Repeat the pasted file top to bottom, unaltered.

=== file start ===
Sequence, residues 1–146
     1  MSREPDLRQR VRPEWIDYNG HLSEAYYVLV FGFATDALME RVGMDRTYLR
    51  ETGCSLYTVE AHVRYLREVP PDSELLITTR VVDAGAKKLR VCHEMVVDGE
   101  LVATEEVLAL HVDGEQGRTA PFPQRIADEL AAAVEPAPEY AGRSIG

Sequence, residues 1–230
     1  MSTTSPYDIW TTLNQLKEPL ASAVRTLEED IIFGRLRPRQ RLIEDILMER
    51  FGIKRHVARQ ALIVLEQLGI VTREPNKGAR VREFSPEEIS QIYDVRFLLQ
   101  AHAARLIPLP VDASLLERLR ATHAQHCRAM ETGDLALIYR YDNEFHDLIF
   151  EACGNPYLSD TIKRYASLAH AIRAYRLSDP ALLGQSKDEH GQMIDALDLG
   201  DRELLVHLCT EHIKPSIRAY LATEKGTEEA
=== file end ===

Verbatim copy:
Sequence, residues 1–146
     1  MSREPDLRQR VRPEWIDYNG HLSEAYYVLV FGFATDALME RVGMDRTYLR
    51  ETGCSLYTVE AHVRYLREVP PDSELLITTR VVDAGAKKLR VCHEMVVDGE
   101  LVATEEVLAL HVDGEQGRTA PFPQRIADEL AAAVEPAPEY AGRSIG

Sequence, residues 1–230
     1  MSTTSPYDIW TTLNQLKEPL ASAVRTLEED IIFGRLRPRQ RLIEDILMER
    51  FGIKRHVARQ ALIVLEQLGI VTREPNKGAR VREFSPEEIS QIYDVRFLLQ
   101  AHAARLIPLP VDASLLERLR ATHAQHCRAM ETGDLALIYR YDNEFHDLIF
   151  EACGNPYLSD TIKRYASLAH AIRAYRLSDP ALLGQSKDEH GQMIDALDLG
   201  DRELLVHLCT EHIKPSIRAY LATEKGTEEA